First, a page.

The clinical utility of molecular diagnostics in breast cancer management: using biomarkers to optimize personalized medicine

Anne Margreet Berghuis

Research output: ThesisPhD Thesis - Research UT, graduation UT

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Significant improvement in the delivery of breast cancer care has been made in the last decades and new (targeted) treatments became available on the market. However, improving the ability to identify tumor characteristics, may potentially even further reduce over- and under treatment or decrease costs. Several initiatives have focused on the use of prognostic or predictive molecular biomarkers that may guide the treatment of breast cancer patients.

In current clinical practice, tissue biopsies are used to determine biomarker expression and thereby characterize the tumor. However, obtaining tissue biopsies is invasive and consequently is not suitable to repeatedly assess tumor characteristics. Furthermore, potential sampling errors, tumor heterogeneity and the potential of tumors to change over time may result in divergent tumor profiles when repeatedly sampling tissue from solid tumors. In order to increase the probability of capturing the full tumor profile, new technologies may be required. An innovative field aiming to develop a technology that is less invasive and suitable to capture potential tumor heterogeneity, is focusing on the use of liquid biopsies. Such innovative techniques can, however, only be successfully implemented in clinical practice when their clinical utility has been demonstrated in clinical trials.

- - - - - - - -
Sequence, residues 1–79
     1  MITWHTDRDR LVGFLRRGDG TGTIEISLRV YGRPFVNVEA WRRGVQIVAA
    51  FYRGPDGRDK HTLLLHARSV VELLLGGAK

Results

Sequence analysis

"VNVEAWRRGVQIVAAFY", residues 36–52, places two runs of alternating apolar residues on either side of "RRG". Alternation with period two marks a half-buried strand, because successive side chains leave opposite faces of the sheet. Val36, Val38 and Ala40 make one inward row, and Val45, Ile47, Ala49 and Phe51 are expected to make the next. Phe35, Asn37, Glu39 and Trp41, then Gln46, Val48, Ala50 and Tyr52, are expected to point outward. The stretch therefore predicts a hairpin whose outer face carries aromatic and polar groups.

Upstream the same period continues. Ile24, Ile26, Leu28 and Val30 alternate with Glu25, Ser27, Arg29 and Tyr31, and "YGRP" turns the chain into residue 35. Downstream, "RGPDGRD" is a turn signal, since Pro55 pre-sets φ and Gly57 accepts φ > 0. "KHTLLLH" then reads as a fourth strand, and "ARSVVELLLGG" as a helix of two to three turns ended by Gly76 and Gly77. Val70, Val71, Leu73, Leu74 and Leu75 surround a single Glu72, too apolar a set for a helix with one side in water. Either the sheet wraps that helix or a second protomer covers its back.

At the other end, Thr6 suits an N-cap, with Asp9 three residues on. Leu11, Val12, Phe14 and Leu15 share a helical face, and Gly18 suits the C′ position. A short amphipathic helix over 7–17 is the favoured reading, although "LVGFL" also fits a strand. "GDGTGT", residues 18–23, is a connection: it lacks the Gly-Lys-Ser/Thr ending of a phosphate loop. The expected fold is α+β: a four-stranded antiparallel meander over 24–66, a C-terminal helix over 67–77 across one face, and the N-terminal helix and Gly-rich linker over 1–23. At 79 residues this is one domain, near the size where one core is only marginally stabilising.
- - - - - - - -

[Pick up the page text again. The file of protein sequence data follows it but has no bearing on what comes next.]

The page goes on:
In this thesis, the clinical utility of molecular biomarkers in breast cancer management was evaluated. It demonstrated that traditional diagnostics are less frequently performed on both, tumor biopsy and tumor resection material, than expected. When tests were performed on both materials, the results are usually concordant. Still, new methods such as liquid biopsies, suitable to frequently obtain tumor biopsies, are required. While liquid biopsies are thought to be promising, the majority of studies focusing on liquid biopsies is not sufficiently focusing on evaluating their clinical utility, which is necessary before new diagnostics will be implemented in clinical practice. To date, the clinical utility of new liquid biopsies is only evaluated in the STIC METABREAST trial. Though the clinical outcomes have shown that using circulating tumor cells to guide either chemotherapy or endocrine therapy in metastatic breast cancer is non-inferior, the health economic outcomes demonstrated that this strategy is not cost-effective when considering short term outcomes.
Original languageEnglish
QualificationDoctor of Philosophy
Awarding Institution
  • University of Twente
  • IJzerman, Maarten J., Supervisor
  • Koffijberg, Erik, Supervisor
Award date10 Jan 2020
Place of PublicationEnschede
Print ISBNs978-90-365-4906-6
Publication statusPublished - 10 Jan 2020


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